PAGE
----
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Gavin Williamson gets dressing down from Chancellor Hammond over China warship row

Gavin Williamson gets dressing down from Chancellor Hammond over China warship row
UK Chancellor Philip Hammond has ostensibly revealed his annoyance at Defense Secretary Gavin Williamson’s threat of sending a warship to the South China Sea, claiming such rhetoric doesn’t make relations with Beijing “simpler.”

British media reported that China’s vice premier, Hu Chunhua, had withdrawn from trade talks with Hammond as a result of Williamson’s fervent speech where he warned Beijing of the UK’s “hard power.”

The defense secretary declared that HMS Queen Elizabeth, the country’s largest warship, would be deployed to the Pacific to “show [China] the high price of aggressive behavior.”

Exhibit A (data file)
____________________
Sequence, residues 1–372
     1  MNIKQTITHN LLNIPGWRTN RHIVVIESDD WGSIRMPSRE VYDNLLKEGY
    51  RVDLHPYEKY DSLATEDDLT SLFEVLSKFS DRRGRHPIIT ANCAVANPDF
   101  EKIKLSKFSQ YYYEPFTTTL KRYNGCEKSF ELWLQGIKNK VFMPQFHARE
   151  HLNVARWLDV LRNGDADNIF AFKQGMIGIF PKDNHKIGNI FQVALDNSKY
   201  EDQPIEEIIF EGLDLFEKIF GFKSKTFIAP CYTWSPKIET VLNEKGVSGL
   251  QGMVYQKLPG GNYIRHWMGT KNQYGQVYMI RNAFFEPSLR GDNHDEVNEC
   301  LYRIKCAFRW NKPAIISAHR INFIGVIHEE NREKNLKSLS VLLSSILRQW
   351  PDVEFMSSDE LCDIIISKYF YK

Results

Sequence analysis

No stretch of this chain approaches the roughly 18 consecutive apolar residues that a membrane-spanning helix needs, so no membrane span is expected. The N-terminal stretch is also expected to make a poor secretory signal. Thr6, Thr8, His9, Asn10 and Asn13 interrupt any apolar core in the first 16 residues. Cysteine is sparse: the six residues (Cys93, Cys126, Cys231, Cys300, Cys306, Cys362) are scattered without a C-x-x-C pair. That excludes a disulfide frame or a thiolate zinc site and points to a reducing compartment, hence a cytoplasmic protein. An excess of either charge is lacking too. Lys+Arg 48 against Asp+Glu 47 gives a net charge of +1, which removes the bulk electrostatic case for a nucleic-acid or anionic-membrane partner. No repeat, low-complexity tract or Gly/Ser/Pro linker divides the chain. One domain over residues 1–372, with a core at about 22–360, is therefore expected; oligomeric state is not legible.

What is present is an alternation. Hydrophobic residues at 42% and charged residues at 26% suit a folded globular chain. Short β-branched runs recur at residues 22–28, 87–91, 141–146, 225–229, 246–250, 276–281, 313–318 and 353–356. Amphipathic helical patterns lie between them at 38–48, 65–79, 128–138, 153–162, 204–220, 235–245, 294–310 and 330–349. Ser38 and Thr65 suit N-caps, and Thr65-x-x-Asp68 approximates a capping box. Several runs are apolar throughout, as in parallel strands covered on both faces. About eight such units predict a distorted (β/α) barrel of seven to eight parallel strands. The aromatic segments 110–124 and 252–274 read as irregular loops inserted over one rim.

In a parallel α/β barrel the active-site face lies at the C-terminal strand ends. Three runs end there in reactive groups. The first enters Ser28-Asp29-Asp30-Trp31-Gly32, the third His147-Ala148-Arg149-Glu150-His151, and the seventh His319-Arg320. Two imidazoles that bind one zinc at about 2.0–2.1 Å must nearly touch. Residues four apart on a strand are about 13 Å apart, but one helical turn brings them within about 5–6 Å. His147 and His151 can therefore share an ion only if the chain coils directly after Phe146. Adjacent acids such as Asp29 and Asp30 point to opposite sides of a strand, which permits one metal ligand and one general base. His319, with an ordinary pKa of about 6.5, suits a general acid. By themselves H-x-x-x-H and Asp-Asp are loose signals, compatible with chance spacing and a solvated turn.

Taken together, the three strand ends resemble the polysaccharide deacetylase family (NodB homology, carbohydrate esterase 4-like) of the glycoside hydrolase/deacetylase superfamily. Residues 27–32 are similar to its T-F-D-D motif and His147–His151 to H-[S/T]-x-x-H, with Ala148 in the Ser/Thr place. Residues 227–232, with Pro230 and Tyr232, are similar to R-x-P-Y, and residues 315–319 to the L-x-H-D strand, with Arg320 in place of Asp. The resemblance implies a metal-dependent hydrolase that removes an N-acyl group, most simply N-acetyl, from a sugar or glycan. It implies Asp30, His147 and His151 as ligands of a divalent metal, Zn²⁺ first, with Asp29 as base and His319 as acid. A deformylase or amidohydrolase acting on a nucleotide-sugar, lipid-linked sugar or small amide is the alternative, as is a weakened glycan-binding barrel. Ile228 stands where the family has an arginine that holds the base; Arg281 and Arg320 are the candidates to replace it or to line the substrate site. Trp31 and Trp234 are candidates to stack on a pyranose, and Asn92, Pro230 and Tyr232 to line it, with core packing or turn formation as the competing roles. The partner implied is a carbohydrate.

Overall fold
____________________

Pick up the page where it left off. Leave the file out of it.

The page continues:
In an interview with BBC radio on Thursday, Hammond insisted that talk of warship deployment plans were “entirely premature,” suggesting Williamson’s speech was far from helpful at a time when the UK is attempting to strike up crucial post-Brexit trade deals.

Hammond said: “It is a complex relationship and it hasn’t been made simpler by Chinese concerns about royal navy deployments in the South China Sea.”

Williamson is known for pushing Britain to reassert its role as an influential military power. He also often makes headline-grabbing statements. In September, commenting on plans to send British troops to the Arctic, he called the region the nation’s “backyard.” At the end of last year, he unveiled plans to build military bases in the Far East and the Caribbean, suggesting that it would help the UK to become a “true global player” after leaving the EU.

During tensions over the Skripal poisoning case, Williamson went on a fiery tirade against Moscow, saying that Russia should “go away and shut up.” The comment raised quite a few eyebrows in Moscow, which also suggests that statements such as this do not particularly help ease tensions in bilateral ties.

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